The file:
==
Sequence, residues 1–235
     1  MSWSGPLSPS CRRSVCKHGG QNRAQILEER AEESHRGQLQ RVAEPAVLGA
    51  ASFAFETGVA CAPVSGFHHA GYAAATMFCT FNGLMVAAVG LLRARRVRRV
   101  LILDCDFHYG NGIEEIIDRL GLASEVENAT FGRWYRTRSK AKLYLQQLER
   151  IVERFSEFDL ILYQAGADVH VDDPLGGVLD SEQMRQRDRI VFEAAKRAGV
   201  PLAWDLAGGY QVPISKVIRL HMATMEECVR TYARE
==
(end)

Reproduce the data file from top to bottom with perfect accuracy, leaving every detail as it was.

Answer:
Sequence, residues 1–235
     1  MSWSGPLSPS CRRSVCKHGG QNRAQILEER AEESHRGQLQ RVAEPAVLGA
    51  ASFAFETGVA CAPVSGFHHA GYAAATMFCT FNGLMVAAVG LLRARRVRRV
   101  LILDCDFHYG NGIEEIIDRL GLASEVENAT FGRWYRTRSK AKLYLQQLER
   151  IVERFSEFDL ILYQAGADVH VDDPLGGVLD SEQMRQRDRI VFEAAKRAGV
   201  PLAWDLAGGY QVPISKVIRL HMATMEECVR TYARE